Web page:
MARKET ALERT: Stock Traders Are The Most Bullishly Positioned In Six Years While U.S. Post Worst Holiday Sales Since The Recession, Chinese Rating Agency Puts U.S. On Negative Watch, Richmond Fed Manufacturing Start Contracting AGAIN, And Half of America Expects No Deal.

Stock Traders Are The Most Bullishly Positioned In Six Years

In Late 2006, the S&P 500 futures market traded around 1435 and the commitment of traders was at an extreme net long position. The market fell shortly after only to manage a miraculous rise in the face of hedge funds going bust and an exploding and over-leveraged credit market. In mid-2008, the S&P 500 futures also traded around these levels, from where the epic collapse really began. Six years later, the S&P 500 futures traders are the most bullishly positioned they have been since those heady over-confident days….   Chart: Bloomberg

Worst U.S. holiday sales since the recession

U.S. holiday retail sales grew 0.7 percent this year versus analysts’ expectations of 3 to 4 percent growth according to MasterCars’s Spending Pulse. This year’s figures mark the most tepid pace of expansion since 2008, when the U.S. economy was in recession. WASHINGTON (AP) — U.S. holiday retail sales this year grew at the weakest pace since 2008, when the nation was in a deep recession. In 2012, the shopping season was disrupted by bad weather and consumers’ rising uncertainty about the economy. A report that tracks spending on popular holiday goods, the MasterCard Advisors SpendingPulse, said Tuesday that sales in the two months before Christmas increased 0.7 percent, compared with last year. Many analysts had expected holiday sales to grow 3 to 4 percent. In 2008, sales declined by between 2 percent and 4 percent as the financial crisis that crested that fall dragged the economy into recession. Last year, by contrast, retail sales in November and December rose between 4 percent and 5 percent, according to ShopperTrak, a separate market research firm. A 4 percent increase is considered a healthy season…

Chinese rating agency puts U.S. on negative watch

Chinese rating agency Dagong Global Credit Rating Co. on Tuesday put U.S. sovereign debt on a negative watch and highlighted what it said was a lack of political consensus on how to tackle Washington’s debt problem over the long term. In a statement on its website, the rating agency said “each political party insists on the proposition favorable for its own interest. Therefore, it is difficult to form a long-term consensus on solving the debt problem ultimately, which leads to the unceasingly fiscal deterioration of the government.” Dagong said outstanding U.S. federal debt will rise to 105% of GDP and 609% of fiscal revenue by the end of 2012. It warned that the “solvency of the federal government is on a descending trend.” It also warned of a difficult 2013 if there was no resolution on how to avert the fiscal cliff of austerity measures due to take effect at the start of the year. “The U.S. economy will probably fall into recession in 2013, and stay weak in the long term, which will further weaken the material basis for the government to repay debt.” In August 2011, Dagong cut U.S. Treasurys to A from A+, with a negative outlook, saying growth in U.S. debt is still outpacing revenue growth.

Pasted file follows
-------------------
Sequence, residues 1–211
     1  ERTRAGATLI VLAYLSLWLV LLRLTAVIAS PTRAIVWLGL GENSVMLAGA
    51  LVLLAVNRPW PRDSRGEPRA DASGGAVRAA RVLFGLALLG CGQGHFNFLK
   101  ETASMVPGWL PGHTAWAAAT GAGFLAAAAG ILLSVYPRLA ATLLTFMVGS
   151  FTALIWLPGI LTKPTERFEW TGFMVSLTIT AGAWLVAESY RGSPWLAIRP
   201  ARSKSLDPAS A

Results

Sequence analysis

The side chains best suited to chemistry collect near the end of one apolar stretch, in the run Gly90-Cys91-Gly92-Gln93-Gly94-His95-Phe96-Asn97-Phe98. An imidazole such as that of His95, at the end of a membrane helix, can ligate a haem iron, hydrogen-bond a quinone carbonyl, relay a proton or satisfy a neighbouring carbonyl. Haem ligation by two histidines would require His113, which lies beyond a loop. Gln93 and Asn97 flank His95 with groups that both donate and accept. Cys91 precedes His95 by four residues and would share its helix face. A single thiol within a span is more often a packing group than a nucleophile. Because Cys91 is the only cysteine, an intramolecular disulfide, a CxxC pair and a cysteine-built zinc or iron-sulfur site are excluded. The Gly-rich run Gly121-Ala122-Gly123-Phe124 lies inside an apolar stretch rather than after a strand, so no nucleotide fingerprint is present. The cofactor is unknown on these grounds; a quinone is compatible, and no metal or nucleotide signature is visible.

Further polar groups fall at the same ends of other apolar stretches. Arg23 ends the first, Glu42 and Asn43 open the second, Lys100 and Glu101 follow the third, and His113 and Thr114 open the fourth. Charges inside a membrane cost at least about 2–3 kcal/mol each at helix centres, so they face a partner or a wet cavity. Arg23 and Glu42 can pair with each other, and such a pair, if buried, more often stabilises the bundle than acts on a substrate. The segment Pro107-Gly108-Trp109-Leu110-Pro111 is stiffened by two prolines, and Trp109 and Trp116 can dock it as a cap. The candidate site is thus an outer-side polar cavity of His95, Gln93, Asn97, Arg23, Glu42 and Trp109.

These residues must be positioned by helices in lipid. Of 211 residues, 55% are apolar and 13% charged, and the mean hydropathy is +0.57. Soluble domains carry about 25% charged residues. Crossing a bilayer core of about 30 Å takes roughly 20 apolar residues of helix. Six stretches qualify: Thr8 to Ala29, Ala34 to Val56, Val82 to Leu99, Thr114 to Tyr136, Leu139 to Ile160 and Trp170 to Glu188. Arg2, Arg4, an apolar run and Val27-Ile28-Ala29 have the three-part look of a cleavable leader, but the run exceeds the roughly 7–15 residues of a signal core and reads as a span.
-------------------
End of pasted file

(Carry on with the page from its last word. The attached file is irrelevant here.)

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Richmond Fed Manufacturing Misses Expectations And Falls To 5

The December Richmond Fed Manufacturing Index is out and it’s a miss.The headline number fell to 5 from 9 in November.  Economists were looking for a reading of 8. “Looking at the broad indicators of activity, new orders were virtually unchanged, shipments grew more slowly, and employment declined,” wrote the Richmond Fed.  “Other indicators were mixed. Capacity utilization turned positive, while backlogs fell further. Moreover, the gauge for delivery times inched higher, while finished goods inventories grew at a slightly slower pace and growth in raw materials inventories edged higher.” The survey tracks manufacturing activity in the central Atlantic region of the U.S….    

GALLUP: Half of America Expects No Deal

PRINCETON, NJ — Americans’ optimism that President Barack Obama and congressional leaders will reach a budget agreement before Jan. 1 has waned somewhat over the past week. Fifty percent now believe this and 48% are doubtful, a change from the previous three weeks, when the solid majority of Americans were generally confident leaders would reach a deal to avert the so-called fiscal cliff.

Trend: Likelihood of Averting Fiscal Cliff

The fiscal cliff is not the only cliff we’re racing toward; there are others. by Charles Hugh Smith, Of Two Minds: The fiscal cliff dominates the mainstream news, but it is more like a bump on the pathway to the real cliff. In essence, the path has turned down and we’re picking up momentum, gaining speed as we head for the cliff. The real cliff is the gap between what has been promised and what can plausibly be collected in tax revenues: $86 trillion but one recent estimate, over $120 trillion by other guestimates. The difference is caused by the relative rosiness of the projections to control Medicare and Medicaid spending. Lower estimates assume we can stop the growth of these programs in the long-term, something that has not yet happened for the reason that the system lacks any controls to do so. This gap widens by $7 trillion a year. That is, the promises to present and future retirees and beneficiaries goes up if we count the promises made not just for 2013 but for the future. This $7 trillion is twice the entire Federal budget and roughly 50% of the nation’s GDP. Understood in this way, we can see that raising taxes by $200 billion or cutting expenditures by $200 billion is not going to keep us from hurtling off the real fiscal cliff in a few years….


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